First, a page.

2012 · 3 stars · fantasy · sci-fi/fantasy

review; the corpse-rat king

Title: The Corpse-Rat King
Author: Lee Battersby
Pub. Date: August, 2012
Summary: Marius don Hellespont and his apprentice, Gerd, are professional looters of battlefields. When they stumble upon the corpse of the King of Scorby and Gerd is killed, Marius is mistaken for the monarch by one of the dead soldiers and is transported down to the Kingdom of the Dead.

Just like the living citizens, the dead need a King — after all, the King is God’s representative, and someone needs to remind God where they are.

And so it comes to pass that Marius is banished to the surface with one message: if he wants to recover his life he must find the dead a King. Which he fully intends to do.

Just as soon as he stops running away.
Genre: Sci-Fi, Fantasy

“Find us a king,” the corpse called out.
“What? Why?”
“You stole his place. You are in our debt.”

The Corpse-Rat King opens with a bang: Marius, a professional thief, and his assistant Gerd, are combing through a battlefield, looting whatever valuables they could find. Unfortunately, Marius comes upon the corpse of the King and quickly finds his life changed forever. Within minutes Gerd is brutally slain and Marius finds himself in the Kingdom of the Dead – mistaken for the dead king.

Needless to say, the dead are not pleased to discover Marius is, in fact, not their king. Also, he’s not exactly as dead as they originally thought. They send him back to the surface with a task: find a new ruler.

Marius was not a fighting man. A thief does not enter the profession because he wants to fight. He was a slinker, a tip-toer. He lived for the time after the fight, when the victor had departed and all that remained were the easy rewards and sightless eyes.

With a fascinating plot, The Corpse-Rat King is unlike any story I’ve read. The lines between the living and the dead are blurred in Marius’s world and I loved that. Once he returns to the surface he notices changes to his body. For starters, he doesn’t have a heartbeat. His vision in the dark has also changed – for the better. At times his skin will be grey and withered, yet other times his flesh will be rosy and pink. This aspect was really neat and I enjoyed all the possibilities.

Also, the author has a way with words. The writing was absolutely beautiful. Sadly, this also led to me skimming page-length paragraphs of descriptions. Vivid, lovely descriptions, but descriptions nonetheless.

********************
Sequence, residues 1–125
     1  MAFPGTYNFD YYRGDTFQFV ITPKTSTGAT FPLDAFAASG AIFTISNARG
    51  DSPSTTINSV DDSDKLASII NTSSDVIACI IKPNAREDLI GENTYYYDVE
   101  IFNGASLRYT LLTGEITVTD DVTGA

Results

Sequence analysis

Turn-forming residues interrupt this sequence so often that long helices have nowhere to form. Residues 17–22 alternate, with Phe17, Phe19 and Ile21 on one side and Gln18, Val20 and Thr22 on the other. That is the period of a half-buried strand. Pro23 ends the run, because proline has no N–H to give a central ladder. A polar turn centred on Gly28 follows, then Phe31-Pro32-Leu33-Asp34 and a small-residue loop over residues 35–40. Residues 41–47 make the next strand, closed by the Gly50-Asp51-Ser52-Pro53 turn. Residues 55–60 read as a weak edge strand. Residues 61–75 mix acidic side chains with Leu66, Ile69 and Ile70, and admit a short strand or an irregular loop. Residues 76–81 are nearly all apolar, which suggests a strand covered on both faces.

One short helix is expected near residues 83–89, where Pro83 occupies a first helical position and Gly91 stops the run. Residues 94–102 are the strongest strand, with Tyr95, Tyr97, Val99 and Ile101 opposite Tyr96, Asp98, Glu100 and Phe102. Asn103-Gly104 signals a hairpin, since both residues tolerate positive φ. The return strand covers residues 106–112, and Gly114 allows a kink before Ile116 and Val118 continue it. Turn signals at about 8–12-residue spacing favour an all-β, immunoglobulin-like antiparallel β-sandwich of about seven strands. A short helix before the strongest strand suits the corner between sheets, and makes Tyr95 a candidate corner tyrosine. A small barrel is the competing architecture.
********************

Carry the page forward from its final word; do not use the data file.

Early explorers found nothing there to recommend the place to anybody, and indeed, early maps show a simple ovoid outline with the words “Don’t Bother” written inside.

Marius meets an entire cast of characters throughout his journey: dead kings, an untrustworthy captain, an island of natives. Each one was wonderfully fleshed out and their own person. Again, I cannot say enough about Battersby’s penchant for writing: he is a magnificent writer (with over 70 stories to his name!).

However – and I wish there wasn’t a however – once the book hit the halfway mark it felt like the story came grinding to a halt. It felt like I was reading the camping part of Deathly Hallows all over again! Marius is on this exciting, event-riddled journey. I shouldn’t be skimming entire pages!

Then he remembered the autumn of his tenth year, when Nandus had ordered that the forests along the Borghan peninsula be set on fire so the squirrels wouldn’t get cold, and seven thousands peasants had died in the winter snows.

Some of my favorite characters showed up only to never be heard from or thought about again. The dead King Nandus was fantastic and I could easily have read an entire book solely featuring him.

Keth, the love-interest-that-wasn’t is another example of a character that seemed to play a huge role, but then simply vanished. At one point Marius has a Big Revelation and realizes that she’s loved him this entire time. He turns her into a mission (find the dead a king, then get back to his home, profess his love, buy Keth a house, have a bunch of kids, and live Happily Ever After), yet not long after that moment, Keth is never thought of again. She doesn’t appear again – either in person or in conversation – for the duration of the book.

Gerd, the bumbling sidekick, had the personality of the real hero while Marius could have easily been the sidekick instead. Marius put Gerd through so much – and told so many lies – that it was hard NOT to feel for Gerd.

With no external stimulation, he turned inwards. He tried singing, but there are only so many bottles of beer that can fall before the entire liquor industry goes on strike…

There were multiple lines that made me giggle, but even the humor doesn’t hide the fact that there are many things missing from this book. Gaping plot holes, unsympathetic characters with no redeeming qualities, and too-long paragraphs combined to make what initially started out as a fantastic book, an ultimately disappointing and lackluster one. I finished The Corpse-Rat King with a resounding meh.

From the author notes it seems a sequel is in the works. Hopefully the issues I had will be addressed and corrected.


3 thoughts on “review; the corpse-rat king

  1. Hmmm…I’ve never heard of this author or this book. From your description, the premise sounds interesting but I’m thinking it probably is not one that I will pick up. I hate, hate, hate when authors introduce characters, only to ignore them again by the end of the book. I do not get why they do that.

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